Then Mung made against him the sign of Mung and the Life of the Man was fettered no longer with hands and feet.
The Commandments of Mung
- Do not claim that you can influence Mung. Mung is Mung. Men cannot stop him with praises or curses.
- You cannot withhold death from those who ask for it.
- When you lay an enemy low, cast lots to divine Mung's will as to whether he should live or die.
- Abstain from sex. It is better for mankind to end than to continue.
- Never be without your dagger, so that you may always make the sign of Mung when needed.
- Never harm the dead. They are greater than you.
Favored foe: Beastmen
Miracles: Any spell from Necromancy (W&W p.19)
The footfall of Roon hath been heard at evening outside the houses of men, and thenceforth comfort and abiding know them no more. Before them stretcheth travel over all the lands, long miles, and never resting between their homes and their graves — and all at the bidding of Roon.
The Commandments of Roon
- Discover new lands and build shrines to Roon in them. Map places never before mapped.
- You cannot deny your campfire to those who wish to share it.
- If you share your campfire, tell one of your stories.
- If you share your campfire, ask for a story.
- Do not stop or impede those on the road. Do not do battle on a road, for your blood will defile it.
- You cannot lie if someone asks your true name.
Favored Foe: Thieves
Miracles: Any spell from Translocation (W&W p.31)
Cult of Small Gods
These be the gods of the hearth: Pitsu, who stroketh the cat; Hobit who calms the dog; and Habaniah, the lord of glowing embers; and little Zumbiboo, the lord of dust; and old Gribaun, who sits in the heart of the fire to turn the wood to ash — all these be home gods, and live not in Pegāna and be lesser than Roon.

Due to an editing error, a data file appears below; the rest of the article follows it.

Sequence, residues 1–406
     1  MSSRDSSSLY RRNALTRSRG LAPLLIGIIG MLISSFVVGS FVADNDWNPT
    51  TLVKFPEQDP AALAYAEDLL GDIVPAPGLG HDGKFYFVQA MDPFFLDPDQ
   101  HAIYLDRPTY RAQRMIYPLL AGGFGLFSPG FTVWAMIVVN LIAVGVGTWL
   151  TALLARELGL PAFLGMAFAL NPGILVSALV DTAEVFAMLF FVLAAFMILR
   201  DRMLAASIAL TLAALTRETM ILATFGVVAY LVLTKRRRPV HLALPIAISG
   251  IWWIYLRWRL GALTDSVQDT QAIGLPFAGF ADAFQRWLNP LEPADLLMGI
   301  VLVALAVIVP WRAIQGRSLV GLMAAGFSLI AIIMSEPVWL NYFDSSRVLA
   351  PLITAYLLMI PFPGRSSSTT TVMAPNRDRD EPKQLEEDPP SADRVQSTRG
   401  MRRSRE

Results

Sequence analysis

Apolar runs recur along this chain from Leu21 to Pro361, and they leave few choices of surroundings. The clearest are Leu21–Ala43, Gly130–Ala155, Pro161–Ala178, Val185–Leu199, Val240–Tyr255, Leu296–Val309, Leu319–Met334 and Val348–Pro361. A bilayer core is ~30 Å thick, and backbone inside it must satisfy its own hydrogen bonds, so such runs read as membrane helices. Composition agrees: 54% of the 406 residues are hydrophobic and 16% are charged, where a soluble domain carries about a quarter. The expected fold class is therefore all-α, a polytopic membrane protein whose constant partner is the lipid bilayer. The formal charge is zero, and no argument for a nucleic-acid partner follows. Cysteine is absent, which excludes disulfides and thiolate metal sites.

|I love how Anchises literally carried his small gods.|
- When you enter a house, provide what aid you can there.
- You cannot deny food or shelter to those who ask for it.
- Burn incense at the shrine of small gods, so your prayers can be carried up to heaven.
- Cook at the hearth, so the small gods can smell your food and be nourished.
- Whip disobedient slaves and children.
- Give gifts to obedient slaves and children.
- Have sex joyously and often, but never take it by force.
Miracles: Any spell from Psychomancy (W&W p.24)
I think having bullet point commandments that you can read and reread at the table is a great tool to center yourself as an actor. These are reminiscent of my religious touchstones.
I've always preferred "miracle" systems that differed meaningfully from a wizard's magic use. A magic-using class can probably accommodate a "white mage" that heals and deals with angels without it stepping on the toes of a faith-based character class. I think the utility of always having 10 "prepared spells" to be somewhat balanced by the inconsistent casting methods provided above. I also think that the GM using his privileged information to be a clever way to represent a god's supernatural insight.
Obviously, this class requires some buy-in on the part of the player. If they like pouring over magic spell lists and carefully preparing their spells per day, this class will feel erratic and unsatisfactory.